A week ago today, we passed along word of the still-circulating rumor that the Black Eyed Peas would be the performers at Super Bowl XLV, which, you surely already know, is set to take place at Cowboys Stadium in Arlington on Sunday, February 6.
We've yet to squash that rumor--the closest we got was a "no comment" from the NFL, and some word from an employee of the North Texas Super Bowl Planning Committee saying that she hadn't heard anything about the Black Eyed Peas on that front.
Still, we're a little nervous; the NFL didn't flat-out deny the rumor. And that means, unfortunately, it could still be happening--which would be terrible news, in our humble opinions. The Black Eyed Peas have their place, we admit, but not on a platform where they can be seen by millions and millions of TV viewers.
So, on that front, we've come up with a list of other suggestions. After the jump check our list--which, we should note, doesn't just include acts we'd necessarily want to see in this setting, but rather the acts that we think actually deserve the honor and might be legitimate candidates to play the thing.
(Note: We've excluded earlier performers from coming back and reprising their roles.)
Would we want Chesney performing his cheeseball country during the halftime show? Not at all. But the fact remains: This is Texas, and, for better or worse, the rest of the country associates us with country music. And Chesney's one of the genre's biggest stars. Plus,he's been reportedly lobbying himself for the gig
This one's probably a bit of a reach on our part. But, aside from cameos, there's never been a hip-hop halftime show at the Super Bowl. And, let's face it, the Beastie Boys, at least at this point in their careers, are not only great, but also as unoffensive as hip-hop gets while still maintaining high marks for integrity and creativity. Plus, Public Enemy's out of the question now that Flavor Flav's all crazy. So is Run-DMC, what with Jam-Master Jay's death, unfortunately.
biggest solo performer out there that manages to have both working-man cred and massive commercial appeal--and yet still hasn't played the Super Bowl halftime show. But, seeing that the Super Bowl heads to the Meadowlands for SB XLVIII, we're thinking that he might be best suited for that one. Y'know, what with all his songs about New York.
7. Pearl Jam
, Pearl Jam still packs a mighty live punch. And, hell, they've been around for some 20 years now at this point, which makes them mainstays--and not nearly as decrepit as last year's performers, The Who.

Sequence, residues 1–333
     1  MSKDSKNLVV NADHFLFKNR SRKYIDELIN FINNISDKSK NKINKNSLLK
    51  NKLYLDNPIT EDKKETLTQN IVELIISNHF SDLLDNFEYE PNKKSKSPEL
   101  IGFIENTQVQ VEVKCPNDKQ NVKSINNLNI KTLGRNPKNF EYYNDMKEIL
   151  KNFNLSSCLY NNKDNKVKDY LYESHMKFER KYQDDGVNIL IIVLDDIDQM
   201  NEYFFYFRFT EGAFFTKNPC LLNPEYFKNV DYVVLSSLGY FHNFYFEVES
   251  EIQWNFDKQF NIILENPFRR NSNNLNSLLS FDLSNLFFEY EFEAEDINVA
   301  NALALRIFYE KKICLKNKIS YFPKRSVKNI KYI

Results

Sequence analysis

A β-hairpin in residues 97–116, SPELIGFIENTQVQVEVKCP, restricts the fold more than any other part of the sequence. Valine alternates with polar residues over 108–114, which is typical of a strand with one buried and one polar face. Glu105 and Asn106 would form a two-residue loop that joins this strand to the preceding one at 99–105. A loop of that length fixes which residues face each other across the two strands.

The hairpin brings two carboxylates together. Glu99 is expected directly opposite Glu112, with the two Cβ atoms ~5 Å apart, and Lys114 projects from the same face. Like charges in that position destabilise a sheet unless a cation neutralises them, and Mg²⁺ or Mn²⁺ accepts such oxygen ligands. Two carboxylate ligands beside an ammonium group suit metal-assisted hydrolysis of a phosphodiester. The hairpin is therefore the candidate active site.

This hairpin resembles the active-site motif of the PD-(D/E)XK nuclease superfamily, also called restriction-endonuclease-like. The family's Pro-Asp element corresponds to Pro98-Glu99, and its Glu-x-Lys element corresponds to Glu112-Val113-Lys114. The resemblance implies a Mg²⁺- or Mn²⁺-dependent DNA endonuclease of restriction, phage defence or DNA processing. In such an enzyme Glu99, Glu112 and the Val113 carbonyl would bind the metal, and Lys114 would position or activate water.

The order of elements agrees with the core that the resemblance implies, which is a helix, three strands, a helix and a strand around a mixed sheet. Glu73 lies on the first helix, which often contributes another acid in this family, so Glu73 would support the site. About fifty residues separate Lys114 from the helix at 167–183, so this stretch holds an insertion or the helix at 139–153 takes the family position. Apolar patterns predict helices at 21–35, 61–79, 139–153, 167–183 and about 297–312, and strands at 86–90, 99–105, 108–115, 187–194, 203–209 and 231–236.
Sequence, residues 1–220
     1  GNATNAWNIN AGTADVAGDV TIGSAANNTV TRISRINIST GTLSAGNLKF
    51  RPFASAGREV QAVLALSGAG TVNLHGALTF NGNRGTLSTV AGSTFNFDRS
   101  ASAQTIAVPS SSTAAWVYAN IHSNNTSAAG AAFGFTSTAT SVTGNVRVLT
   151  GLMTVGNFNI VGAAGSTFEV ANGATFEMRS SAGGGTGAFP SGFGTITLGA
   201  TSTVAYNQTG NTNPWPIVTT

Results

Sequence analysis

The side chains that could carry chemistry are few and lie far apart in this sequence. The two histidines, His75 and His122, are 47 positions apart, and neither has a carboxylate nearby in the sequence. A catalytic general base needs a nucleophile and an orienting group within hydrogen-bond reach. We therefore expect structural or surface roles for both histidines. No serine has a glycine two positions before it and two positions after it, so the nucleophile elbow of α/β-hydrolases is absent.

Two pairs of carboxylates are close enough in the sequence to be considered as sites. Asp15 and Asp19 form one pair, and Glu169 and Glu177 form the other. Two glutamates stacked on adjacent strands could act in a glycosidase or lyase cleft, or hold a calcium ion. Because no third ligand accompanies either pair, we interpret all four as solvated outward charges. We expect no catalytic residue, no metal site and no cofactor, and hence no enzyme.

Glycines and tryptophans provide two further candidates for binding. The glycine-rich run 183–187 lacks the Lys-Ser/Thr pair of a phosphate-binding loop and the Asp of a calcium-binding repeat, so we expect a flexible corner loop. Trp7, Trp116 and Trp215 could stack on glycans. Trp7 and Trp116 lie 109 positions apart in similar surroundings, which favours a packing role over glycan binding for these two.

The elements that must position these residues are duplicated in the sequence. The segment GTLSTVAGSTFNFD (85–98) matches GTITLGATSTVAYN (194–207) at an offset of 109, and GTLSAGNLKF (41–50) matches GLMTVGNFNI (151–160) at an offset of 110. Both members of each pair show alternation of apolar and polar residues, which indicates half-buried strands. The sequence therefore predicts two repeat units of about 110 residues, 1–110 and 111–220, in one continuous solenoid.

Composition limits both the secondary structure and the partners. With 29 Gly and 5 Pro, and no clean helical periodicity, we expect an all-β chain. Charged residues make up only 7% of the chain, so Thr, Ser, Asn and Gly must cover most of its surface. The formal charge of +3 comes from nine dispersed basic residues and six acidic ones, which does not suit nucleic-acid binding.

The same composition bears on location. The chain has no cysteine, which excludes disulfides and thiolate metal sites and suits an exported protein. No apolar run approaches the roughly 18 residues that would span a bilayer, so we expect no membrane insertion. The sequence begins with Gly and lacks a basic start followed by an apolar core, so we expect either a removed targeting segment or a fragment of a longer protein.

Say way you will about these American idiots, but they've come a long way sinceDookie
--for good or for bad. Our stance? It's largely been for bad, but we're critics with a taste for punk rock, and not the masses. The masses, of course, still manage to eat up everything Green Day produces, and at a higher clip now than ever. And now with the band boasting a musical on Broadway, isn't a Super Bowl performance the next logical step?
5. Bon Jovi
Oh, admit it: You'd love to hear "You Give Love A Bad Name" and "Livin' On A Prayer" at halftime. You wouldn't? Answer us again once you're two quarters into some Sunday evening boozing.
Nothing screams American rock 'n' roll like KISS, who are still on the road, impressively drawing crowds to their shows. And, really, nothing says spectacle like KISS either. Isn't the Super Bowl halftime showsupposed
to be something of a spectacle?
Pretty much every football stadium in the country already blares AC/DC's songs during games anyway, right? Why not try the real thing? These Aussies deserve the chance.
2. Garth Brooks
The biggest star that country music has ever seen recently came out of retirement for a string of shows at the Wynn Las Vegas. But if he were ever to embark on another actual tour, wouldn't this be the setting in which to launch it? Plus, there's the whole this being Texas thing, which implies that all we do is sit around listening to country music. Right, y'all?
1. Jay-Z and Beyonce
If there's one thing to be gleaned from the fact that the NFL is even
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with the idea of hosting the Black Eyed Peas as its Super Bowl halftime entertainers, it's that the NFL wants to turn a 180 on the failed venture that was booking The Who last year and go more modern with its selection. Well, if you're gonna go modern, go big--host the biggest power couple in music, either of whom would be deserving of the nod on their own. But, together? C'mon, that's the kind of show that would get the whole world talking--which, let's face it, is the kind of marketing splash the NFL really wants out of its halftime performers anyway. A no-brainer, really.